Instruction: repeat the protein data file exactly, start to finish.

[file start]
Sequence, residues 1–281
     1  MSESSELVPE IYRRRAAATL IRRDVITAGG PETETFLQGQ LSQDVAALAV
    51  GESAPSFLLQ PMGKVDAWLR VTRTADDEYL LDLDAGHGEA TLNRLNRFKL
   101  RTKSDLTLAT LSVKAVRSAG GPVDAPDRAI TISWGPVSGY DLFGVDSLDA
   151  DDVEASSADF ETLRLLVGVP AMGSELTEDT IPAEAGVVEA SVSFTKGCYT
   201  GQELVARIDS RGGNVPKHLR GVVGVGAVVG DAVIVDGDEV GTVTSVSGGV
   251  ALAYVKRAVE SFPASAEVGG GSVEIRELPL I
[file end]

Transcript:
Sequence, residues 1–281
     1  MSESSELVPE IYRRRAAATL IRRDVITAGG PETETFLQGQ LSQDVAALAV
    51  GESAPSFLLQ PMGKVDAWLR VTRTADDEYL LDLDAGHGEA TLNRLNRFKL
   101  RTKSDLTLAT LSVKAVRSAG GPVDAPDRAI TISWGPVSGY DLFGVDSLDA
   151  DDVEASSADF ETLRLLVGVP AMGSELTEDT IPAEAGVVEA SVSFTKGCYT
   201  GQELVARIDS RGGNVPKHLR GVVGVGAVVG DAVIVDGDEV GTVTSVSGGV
   251  ALAYVKRAVE SFPASAEVGG GSVEIRELPL I